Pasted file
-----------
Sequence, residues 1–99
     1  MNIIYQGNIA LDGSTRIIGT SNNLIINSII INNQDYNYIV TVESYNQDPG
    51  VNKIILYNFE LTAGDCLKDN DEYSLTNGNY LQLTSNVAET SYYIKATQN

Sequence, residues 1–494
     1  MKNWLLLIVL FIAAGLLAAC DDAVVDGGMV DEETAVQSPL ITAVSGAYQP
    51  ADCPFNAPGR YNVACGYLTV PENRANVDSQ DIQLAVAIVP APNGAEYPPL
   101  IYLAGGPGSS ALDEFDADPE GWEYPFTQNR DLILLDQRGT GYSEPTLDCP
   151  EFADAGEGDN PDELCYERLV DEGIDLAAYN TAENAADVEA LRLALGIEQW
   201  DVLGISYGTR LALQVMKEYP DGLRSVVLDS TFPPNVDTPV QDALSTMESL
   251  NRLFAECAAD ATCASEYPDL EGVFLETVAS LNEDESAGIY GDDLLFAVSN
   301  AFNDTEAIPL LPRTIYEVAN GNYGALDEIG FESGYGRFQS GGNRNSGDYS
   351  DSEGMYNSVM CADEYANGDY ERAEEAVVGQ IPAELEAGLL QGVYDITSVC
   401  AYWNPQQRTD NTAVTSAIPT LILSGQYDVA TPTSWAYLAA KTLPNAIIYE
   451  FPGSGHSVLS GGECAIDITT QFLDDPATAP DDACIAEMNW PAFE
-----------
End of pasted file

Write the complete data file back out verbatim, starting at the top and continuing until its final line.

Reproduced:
Sequence, residues 1–99
     1  MNIIYQGNIA LDGSTRIIGT SNNLIINSII INNQDYNYIV TVESYNQDPG
    51  VNKIILYNFE LTAGDCLKDN DEYSLTNGNY LQLTSNVAET SYYIKATQN

Sequence, residues 1–494
     1  MKNWLLLIVL FIAAGLLAAC DDAVVDGGMV DEETAVQSPL ITAVSGAYQP
    51  ADCPFNAPGR YNVACGYLTV PENRANVDSQ DIQLAVAIVP APNGAEYPPL
   101  IYLAGGPGSS ALDEFDADPE GWEYPFTQNR DLILLDQRGT GYSEPTLDCP
   151  EFADAGEGDN PDELCYERLV DEGIDLAAYN TAENAADVEA LRLALGIEQW
   201  DVLGISYGTR LALQVMKEYP DGLRSVVLDS TFPPNVDTPV QDALSTMESL
   251  NRLFAECAAD ATCASEYPDL EGVFLETVAS LNEDESAGIY GDDLLFAVSN
   301  AFNDTEAIPL LPRTIYEVAN GNYGALDEIG FESGYGRFQS GGNRNSGDYS
   351  DSEGMYNSVM CADEYANGDY ERAEEAVVGQ IPAELEAGLL QGVYDITSVC
   401  AYWNPQQRTD NTAVTSAIPT LILSGQYDVA TPTSWAYLAA KTLPNAIIYE
   451  FPGSGHSVLS GGECAIDITT QFLDDPATAP DDACIAEMNW PAFE